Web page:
Despite of the success of targeted therapy with tyrosine kinase inhibitors (TKI) in epidermal growth factor receptor (EGFR) -mutant lung cancer, the duration of response is limited due to the inevitable development of acquired resistance. Previous studies have revealed that TKIs may induce survival in drug-tolerant cells (DTC) following initial treatment, leading to acquired resistance from further evolution over time. Moreover, recent studies have also shown that Bcl-xL is involved in the survival of DTC; however, little is known about the mechanism of how Bcl-xL regulates DTC in the presence of EGFR TKIs. Therefore, it is crucial to elucidate pathways which promote DTC emergence in order to develop more effective therapeutic protocols. In this study, we found that the Met/Ror1-β-catenin-Bcl-xL axis may contribute to the emergence of DTC in the presence of EGFR TKIs. We previously demonstrated that β-catenin has an essential role in lung tumorigenesis driven by EGFR-mutants, particularly EGFR-T790M. We found that genetic deletion of β-catenin gene reduced Bcl-xL expression both in vitro and in vivo. Secondly, in the presence of EGFR TKI, we found that Met-induced Ror1 activation led to tyrosine phosphorylation of β-catenin via Src. Our experiments further suggested tyrosine phosphorylation of β-catenin by EGFR and the Met-Ror1-Src cascade, whose sites were identified by mass spectrometry, plays a critical role in the interaction between β-catenin and a transcriptional factor, TBX5. Contrary to known transcriptional interaction with TCF/LEF, tyrosine phosphorylated β-catenin was found to form a complex with TBX5 and the transcriptional regulator, YAP1. This complex may regulate anti-apoptotic genes such as BCL2L1, which encodes Bcl-xL. Combination treatment with osimertinib and stable knockdown of Ror1 (or TBX5) effectively reduced Bcl-xL expression. Furthermore, treatment with osimertinib in lung cancer mouse model in which Bcl2l1 can be conditionally knocked out inhibited completely the emergence of resistant tumors compared to Bcl2l1 wild-type mouse model treated with osimertinib. These observations suggest that the Met/Ror1-β-catenin-Bcl-xL axis may serve to explain the underlying mechanism for the emergence of DTC. Our findings thus identify this axis as a promising target for EGFR-mutant lung cancer.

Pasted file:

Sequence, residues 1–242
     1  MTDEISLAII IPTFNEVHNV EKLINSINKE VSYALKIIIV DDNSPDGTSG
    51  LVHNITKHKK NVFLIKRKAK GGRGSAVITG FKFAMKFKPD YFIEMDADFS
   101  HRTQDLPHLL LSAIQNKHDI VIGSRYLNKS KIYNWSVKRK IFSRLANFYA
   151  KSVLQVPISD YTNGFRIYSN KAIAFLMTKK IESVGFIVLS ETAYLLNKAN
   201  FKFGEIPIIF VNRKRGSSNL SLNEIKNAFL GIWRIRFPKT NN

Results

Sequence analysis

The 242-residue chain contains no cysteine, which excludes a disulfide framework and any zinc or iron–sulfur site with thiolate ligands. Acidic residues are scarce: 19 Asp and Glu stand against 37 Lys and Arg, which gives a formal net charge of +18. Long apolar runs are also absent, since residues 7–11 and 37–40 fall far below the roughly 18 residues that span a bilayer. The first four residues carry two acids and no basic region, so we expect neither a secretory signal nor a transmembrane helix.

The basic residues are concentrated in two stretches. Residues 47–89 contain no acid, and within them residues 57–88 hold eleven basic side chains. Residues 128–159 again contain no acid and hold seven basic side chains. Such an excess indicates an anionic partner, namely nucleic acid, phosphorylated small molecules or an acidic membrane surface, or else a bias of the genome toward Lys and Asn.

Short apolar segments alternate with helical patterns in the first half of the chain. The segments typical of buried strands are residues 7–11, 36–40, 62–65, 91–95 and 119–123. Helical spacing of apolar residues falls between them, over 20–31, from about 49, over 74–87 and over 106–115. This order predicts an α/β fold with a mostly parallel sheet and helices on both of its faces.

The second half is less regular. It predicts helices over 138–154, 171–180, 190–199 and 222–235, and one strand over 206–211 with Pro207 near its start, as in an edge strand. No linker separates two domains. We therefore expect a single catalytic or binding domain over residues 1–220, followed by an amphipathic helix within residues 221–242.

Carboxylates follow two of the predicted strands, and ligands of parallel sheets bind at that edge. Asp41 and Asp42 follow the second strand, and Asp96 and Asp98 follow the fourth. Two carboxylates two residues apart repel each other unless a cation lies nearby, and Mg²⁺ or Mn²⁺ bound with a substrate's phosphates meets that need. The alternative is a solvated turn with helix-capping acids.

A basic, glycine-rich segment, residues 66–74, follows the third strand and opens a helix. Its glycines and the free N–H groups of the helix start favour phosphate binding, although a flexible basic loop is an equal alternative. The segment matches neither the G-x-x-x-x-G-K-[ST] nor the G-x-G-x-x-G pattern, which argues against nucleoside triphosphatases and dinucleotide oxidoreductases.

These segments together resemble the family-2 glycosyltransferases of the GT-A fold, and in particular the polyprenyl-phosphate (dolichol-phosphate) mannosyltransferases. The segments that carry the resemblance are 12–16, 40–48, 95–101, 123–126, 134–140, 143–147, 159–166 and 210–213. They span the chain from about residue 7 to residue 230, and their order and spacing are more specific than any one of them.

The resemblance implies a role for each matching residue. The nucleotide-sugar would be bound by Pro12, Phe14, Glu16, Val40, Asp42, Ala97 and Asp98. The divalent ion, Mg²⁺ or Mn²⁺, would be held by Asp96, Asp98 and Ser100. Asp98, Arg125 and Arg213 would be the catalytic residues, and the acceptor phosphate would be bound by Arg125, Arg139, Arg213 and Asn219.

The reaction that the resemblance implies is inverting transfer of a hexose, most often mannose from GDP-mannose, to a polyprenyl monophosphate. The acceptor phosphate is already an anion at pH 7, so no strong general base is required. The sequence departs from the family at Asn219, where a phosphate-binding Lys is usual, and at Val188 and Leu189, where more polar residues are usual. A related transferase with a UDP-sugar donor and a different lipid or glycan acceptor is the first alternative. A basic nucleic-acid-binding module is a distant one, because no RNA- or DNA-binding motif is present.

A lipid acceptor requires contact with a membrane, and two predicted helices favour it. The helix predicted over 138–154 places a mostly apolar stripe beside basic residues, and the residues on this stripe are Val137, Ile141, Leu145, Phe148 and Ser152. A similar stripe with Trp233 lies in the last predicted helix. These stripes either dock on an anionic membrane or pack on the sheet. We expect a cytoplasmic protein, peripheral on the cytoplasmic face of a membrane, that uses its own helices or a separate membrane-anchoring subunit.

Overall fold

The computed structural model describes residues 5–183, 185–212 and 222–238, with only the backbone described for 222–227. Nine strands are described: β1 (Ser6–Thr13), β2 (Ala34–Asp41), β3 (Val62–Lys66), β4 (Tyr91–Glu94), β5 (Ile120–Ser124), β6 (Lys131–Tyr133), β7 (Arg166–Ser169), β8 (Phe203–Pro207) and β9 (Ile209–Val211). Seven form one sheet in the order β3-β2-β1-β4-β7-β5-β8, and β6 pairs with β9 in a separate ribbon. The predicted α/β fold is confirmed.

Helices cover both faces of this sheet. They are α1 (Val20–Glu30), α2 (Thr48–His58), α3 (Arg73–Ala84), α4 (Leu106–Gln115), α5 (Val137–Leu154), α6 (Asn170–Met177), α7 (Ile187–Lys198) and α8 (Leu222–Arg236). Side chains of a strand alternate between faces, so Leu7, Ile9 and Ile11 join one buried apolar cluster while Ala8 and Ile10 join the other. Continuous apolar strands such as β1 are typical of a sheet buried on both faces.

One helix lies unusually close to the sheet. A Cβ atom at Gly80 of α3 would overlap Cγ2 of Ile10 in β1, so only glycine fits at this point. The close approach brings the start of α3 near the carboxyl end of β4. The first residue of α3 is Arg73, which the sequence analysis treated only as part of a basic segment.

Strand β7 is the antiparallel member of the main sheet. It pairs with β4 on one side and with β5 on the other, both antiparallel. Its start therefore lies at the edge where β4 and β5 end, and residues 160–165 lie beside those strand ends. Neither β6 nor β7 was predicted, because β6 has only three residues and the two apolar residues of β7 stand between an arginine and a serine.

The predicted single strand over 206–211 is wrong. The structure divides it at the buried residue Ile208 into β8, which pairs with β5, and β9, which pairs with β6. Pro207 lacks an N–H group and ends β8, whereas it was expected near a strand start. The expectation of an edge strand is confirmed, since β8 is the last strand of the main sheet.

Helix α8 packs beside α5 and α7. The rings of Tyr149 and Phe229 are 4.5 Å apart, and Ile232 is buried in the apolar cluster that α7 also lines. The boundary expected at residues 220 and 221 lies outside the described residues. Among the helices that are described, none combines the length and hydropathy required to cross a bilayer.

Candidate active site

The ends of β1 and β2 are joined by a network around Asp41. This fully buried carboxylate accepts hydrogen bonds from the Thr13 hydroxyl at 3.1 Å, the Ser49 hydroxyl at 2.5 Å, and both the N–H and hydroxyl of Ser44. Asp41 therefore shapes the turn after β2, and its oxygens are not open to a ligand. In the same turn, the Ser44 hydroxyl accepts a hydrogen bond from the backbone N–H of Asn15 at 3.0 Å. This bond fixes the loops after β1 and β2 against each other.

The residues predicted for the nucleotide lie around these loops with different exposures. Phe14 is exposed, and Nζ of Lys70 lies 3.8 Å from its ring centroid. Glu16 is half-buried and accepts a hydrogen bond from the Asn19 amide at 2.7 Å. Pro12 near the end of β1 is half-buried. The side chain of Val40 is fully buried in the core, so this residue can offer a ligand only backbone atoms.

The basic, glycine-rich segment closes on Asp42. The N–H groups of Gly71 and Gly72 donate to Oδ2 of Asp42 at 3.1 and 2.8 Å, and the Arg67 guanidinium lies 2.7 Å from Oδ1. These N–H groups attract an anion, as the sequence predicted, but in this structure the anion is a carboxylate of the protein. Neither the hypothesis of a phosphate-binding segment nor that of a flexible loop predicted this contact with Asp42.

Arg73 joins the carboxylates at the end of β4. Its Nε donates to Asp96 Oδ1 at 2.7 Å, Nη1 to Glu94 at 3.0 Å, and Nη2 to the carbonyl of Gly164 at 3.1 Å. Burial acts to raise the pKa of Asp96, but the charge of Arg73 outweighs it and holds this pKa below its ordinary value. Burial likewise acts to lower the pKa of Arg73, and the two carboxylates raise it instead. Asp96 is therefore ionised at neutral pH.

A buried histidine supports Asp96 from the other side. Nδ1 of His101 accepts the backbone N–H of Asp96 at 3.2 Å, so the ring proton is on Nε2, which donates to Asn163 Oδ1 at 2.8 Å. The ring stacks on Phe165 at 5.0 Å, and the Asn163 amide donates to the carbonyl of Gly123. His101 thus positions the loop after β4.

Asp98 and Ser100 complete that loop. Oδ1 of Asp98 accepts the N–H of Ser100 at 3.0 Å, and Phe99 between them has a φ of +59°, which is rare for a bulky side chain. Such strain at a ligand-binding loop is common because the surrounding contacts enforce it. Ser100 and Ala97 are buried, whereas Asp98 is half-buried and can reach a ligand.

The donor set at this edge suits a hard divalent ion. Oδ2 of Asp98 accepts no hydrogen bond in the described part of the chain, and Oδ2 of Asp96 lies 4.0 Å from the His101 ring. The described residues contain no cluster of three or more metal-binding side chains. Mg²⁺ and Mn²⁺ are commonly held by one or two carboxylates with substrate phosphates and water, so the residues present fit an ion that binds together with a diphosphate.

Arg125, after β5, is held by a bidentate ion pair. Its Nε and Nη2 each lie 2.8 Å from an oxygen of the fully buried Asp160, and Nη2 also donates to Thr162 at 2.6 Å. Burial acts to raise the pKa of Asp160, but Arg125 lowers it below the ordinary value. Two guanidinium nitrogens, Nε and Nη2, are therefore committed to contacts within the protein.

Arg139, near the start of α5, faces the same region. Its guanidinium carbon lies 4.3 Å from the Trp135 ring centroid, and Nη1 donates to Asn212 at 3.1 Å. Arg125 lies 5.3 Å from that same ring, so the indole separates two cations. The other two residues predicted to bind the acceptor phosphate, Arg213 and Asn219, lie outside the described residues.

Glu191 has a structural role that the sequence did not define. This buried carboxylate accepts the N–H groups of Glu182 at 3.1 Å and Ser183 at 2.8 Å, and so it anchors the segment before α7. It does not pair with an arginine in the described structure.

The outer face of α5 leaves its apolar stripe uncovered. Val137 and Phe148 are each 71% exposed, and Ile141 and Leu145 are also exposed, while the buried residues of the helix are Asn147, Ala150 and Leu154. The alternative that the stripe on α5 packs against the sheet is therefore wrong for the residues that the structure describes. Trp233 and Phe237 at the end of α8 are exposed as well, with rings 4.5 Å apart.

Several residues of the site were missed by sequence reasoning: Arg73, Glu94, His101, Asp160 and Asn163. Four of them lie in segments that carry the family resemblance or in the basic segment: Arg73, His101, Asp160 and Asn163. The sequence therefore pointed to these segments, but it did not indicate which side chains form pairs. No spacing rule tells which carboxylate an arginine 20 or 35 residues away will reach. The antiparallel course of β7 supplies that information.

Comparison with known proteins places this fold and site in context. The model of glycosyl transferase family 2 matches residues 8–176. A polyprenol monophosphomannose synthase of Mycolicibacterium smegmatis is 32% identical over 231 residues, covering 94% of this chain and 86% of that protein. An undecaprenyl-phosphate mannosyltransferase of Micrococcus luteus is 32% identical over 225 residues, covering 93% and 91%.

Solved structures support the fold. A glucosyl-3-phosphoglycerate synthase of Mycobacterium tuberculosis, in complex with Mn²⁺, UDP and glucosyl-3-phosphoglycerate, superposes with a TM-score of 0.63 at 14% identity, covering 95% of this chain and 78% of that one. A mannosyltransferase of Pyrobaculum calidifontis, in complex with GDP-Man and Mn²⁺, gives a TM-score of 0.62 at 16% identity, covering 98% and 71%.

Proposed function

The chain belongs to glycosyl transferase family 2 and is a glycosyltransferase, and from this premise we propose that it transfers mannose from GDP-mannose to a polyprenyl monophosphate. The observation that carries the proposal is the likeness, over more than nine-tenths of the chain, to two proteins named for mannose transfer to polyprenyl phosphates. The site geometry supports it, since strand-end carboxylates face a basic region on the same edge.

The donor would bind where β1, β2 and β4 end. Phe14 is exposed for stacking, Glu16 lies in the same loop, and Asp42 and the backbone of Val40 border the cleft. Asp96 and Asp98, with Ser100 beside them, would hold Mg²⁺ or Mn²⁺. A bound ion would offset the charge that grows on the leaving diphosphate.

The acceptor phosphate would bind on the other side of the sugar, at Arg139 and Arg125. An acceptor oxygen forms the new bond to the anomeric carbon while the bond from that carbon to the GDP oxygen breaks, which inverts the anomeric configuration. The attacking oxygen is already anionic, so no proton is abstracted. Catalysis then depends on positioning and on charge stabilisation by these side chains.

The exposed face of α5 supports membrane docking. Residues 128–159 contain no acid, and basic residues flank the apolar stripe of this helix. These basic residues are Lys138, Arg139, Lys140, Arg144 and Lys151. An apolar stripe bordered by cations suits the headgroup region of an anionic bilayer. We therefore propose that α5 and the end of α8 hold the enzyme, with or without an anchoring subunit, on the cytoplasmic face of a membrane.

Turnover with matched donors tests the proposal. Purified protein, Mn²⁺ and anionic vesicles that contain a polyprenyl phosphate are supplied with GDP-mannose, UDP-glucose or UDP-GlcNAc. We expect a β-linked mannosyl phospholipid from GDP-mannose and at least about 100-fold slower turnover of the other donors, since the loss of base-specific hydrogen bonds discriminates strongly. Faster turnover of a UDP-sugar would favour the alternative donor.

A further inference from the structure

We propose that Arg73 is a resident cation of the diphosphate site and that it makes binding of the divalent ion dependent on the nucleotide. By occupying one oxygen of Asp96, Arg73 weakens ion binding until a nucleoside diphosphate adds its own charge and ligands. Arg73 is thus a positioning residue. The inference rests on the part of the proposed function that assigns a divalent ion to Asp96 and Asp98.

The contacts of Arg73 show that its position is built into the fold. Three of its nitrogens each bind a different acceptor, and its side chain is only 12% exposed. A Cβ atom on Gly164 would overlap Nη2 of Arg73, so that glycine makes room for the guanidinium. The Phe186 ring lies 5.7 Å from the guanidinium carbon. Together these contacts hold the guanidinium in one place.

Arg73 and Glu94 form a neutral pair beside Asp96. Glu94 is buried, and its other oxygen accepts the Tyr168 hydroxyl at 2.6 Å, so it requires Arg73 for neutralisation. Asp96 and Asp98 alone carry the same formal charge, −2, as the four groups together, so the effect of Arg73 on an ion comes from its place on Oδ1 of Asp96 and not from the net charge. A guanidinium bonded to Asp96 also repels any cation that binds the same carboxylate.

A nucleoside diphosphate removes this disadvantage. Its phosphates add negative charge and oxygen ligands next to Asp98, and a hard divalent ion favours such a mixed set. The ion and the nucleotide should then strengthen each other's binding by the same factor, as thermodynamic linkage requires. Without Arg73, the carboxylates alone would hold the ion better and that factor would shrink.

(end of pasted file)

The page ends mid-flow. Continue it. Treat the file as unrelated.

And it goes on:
Citation Format: Masanori Fujii, Sohei Nakayama, Naoki Akanuma, Gilbert Pan, Ikei S. Kobayashi, Hisashi Takei, Kohei Shimizu, Mariko Ando, Eunyoung Heo, Carol Gergis, Hiroyuki Inuzuka, Wenyi Wei, Daniel B. Costa, Susumu S. Kobayashi. Met/Ror1-β-catenin-Bcl-xL axis contributes to the emergence of drug-tolerant cells that evolve into resistant tumors in EGFR-mutant lung cancer [abstract]. In: Proceedings of the American Association for Cancer Research Annual Meeting 2019; 2019 Mar 29-Apr 3; Atlanta, GA. Philadelphia (PA): AACR; Cancer Res 2019;79(13 Suppl):Abstract nr 320.